To prove that a problem $\Pi_2$ is NP-hard one has to:

  1. select a known NP-hard problem $\Pi_1$;
  2. from an arbitrary instance of $\Pi_1$, create an instance of $\Pi_2$ in polynomial-time; and
  3. show that solve $\Pi_1$ with the given instance $\iff$ solve $\Pi_2$ with the created instance.

Now, my question is the following.

Suppose now I did 1., 2. and only solve $\Pi_1\Rightarrow$ solve $\Pi_2$ but when I am trying to show the inverse, i.e., solve $\Pi_2\Rightarrow$ solve $\Pi_1$, the instance of $\Pi_1$ is changed a little. Is this proof correct?

More precisely, let $I_1=(n, a_1,\ldots,a_n,b_1,\ldots,b_n,\alpha,\beta,k)$ be an arbitrary instance of $\Pi_1$. The created instance (in polynomial-time) of $\Pi_2$ is $I_2=(n, a_1,\ldots,a_n,b_1,\ldots,b_n,\Delta,k)$. Now when I tried to show solve $\Pi_2$ with $I_2\Rightarrow$ solve $\Pi_1$ with $I_1$, I found another instance of $\Pi_1$, $I_1'=(n, a_1,\ldots,a_n,b_1,\ldots,b_n,a,b,k)$ where $a\neq \alpha$ and $b\neq\beta$. Hence I did not solve $\Pi_1$ with $I_1$ but with $I_1'$.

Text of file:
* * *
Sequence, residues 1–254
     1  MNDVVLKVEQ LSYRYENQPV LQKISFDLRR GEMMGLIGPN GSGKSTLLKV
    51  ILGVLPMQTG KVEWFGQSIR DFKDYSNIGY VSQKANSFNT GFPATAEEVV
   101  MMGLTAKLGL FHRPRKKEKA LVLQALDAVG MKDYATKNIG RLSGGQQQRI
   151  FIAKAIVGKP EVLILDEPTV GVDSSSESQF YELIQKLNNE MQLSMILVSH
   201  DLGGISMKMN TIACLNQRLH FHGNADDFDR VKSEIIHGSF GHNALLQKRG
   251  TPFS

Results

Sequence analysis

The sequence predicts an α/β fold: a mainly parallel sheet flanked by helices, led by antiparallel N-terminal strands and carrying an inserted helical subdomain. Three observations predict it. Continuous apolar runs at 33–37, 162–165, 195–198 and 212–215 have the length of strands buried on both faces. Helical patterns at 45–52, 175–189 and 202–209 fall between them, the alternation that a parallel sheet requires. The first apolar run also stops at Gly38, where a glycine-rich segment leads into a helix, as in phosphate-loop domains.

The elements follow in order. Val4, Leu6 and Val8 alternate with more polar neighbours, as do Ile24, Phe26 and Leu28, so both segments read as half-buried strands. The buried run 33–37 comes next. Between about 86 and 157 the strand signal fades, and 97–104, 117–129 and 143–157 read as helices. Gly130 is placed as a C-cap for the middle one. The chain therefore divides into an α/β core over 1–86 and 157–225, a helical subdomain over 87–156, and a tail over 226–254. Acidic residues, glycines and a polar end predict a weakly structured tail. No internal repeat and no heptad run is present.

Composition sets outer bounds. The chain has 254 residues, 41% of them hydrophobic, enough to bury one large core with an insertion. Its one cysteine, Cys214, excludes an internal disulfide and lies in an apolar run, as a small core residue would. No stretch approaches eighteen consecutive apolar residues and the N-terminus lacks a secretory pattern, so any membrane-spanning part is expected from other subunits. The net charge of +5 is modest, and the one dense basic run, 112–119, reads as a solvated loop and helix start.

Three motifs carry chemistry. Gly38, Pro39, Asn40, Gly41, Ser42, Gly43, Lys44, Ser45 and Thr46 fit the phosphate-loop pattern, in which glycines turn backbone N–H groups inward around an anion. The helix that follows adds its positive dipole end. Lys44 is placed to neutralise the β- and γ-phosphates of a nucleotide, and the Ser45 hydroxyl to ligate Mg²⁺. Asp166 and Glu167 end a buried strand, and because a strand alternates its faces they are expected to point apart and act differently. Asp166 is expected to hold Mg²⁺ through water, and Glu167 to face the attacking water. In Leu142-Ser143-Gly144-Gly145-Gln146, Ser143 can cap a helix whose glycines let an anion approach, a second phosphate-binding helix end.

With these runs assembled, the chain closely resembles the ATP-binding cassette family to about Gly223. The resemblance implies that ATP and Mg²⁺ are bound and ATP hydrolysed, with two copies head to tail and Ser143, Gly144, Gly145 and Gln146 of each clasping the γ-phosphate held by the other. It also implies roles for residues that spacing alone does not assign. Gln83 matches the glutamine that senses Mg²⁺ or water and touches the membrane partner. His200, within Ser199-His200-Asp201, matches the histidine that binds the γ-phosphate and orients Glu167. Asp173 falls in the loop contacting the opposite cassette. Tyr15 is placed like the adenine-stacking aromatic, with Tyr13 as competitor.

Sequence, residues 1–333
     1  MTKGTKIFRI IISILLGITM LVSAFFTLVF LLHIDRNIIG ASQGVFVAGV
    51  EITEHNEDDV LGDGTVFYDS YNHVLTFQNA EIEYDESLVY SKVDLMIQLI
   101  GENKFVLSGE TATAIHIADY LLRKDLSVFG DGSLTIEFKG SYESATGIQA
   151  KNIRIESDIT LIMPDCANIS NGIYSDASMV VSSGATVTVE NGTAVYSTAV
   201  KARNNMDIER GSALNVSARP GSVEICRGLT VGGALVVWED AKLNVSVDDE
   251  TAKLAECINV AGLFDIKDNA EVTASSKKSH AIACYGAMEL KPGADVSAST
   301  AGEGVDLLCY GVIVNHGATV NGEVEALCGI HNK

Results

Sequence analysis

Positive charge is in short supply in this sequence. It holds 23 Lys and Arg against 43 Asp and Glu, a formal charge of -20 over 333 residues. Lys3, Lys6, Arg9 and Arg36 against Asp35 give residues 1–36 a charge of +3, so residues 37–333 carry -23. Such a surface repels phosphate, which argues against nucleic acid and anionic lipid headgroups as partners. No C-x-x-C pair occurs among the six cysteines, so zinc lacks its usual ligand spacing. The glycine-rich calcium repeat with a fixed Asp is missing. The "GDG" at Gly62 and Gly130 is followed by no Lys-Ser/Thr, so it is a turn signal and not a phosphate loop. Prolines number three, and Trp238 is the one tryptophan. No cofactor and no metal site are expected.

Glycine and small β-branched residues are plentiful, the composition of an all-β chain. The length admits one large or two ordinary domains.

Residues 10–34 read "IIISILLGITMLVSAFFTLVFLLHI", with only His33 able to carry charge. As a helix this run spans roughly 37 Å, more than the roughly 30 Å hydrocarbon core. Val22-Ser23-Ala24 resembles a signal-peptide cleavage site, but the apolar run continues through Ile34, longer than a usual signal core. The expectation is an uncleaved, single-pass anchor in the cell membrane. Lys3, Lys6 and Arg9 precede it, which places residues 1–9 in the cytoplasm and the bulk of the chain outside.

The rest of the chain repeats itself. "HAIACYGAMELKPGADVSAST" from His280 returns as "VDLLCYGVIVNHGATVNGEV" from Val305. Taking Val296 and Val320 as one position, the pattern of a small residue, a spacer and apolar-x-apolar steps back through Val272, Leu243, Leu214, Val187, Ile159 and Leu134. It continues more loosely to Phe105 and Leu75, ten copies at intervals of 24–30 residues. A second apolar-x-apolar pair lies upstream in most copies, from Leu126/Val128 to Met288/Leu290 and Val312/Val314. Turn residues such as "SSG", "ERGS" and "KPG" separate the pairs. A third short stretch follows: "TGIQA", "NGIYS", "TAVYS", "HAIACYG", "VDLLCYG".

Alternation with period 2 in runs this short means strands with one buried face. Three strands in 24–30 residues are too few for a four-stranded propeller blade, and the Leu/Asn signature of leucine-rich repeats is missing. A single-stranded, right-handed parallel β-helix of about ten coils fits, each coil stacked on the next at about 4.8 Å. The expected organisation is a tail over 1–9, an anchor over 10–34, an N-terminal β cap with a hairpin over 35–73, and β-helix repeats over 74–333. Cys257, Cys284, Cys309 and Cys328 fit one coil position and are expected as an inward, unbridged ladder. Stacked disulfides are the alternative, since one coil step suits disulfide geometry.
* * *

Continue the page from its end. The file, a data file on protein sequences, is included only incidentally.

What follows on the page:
My guess is that the proof still correct, right?


1 Answer 1


No, you may not modify $I_1$. By the time you get to Step 3, everything is determined and you might not change your instances. Say $f$ is the polytime transformation from Step 2. Then you need to show

$I_1$ is a yes-instance of $\Pi_1$ if and only if $f(I_1) = I_2$ is a yes-instance of $\Pi_2$.

If after arriving at Step 3 you notice that your $I_2$ instance does not allow you to prove the statement, then you might want to change $f$ in your Step 2, and redo Step 3.


Your Answer

By clicking “Post Your Answer”, you agree to our terms of service and acknowledge you have read our privacy policy.

Not the answer you're looking for? Browse other questions tagged or ask your own question.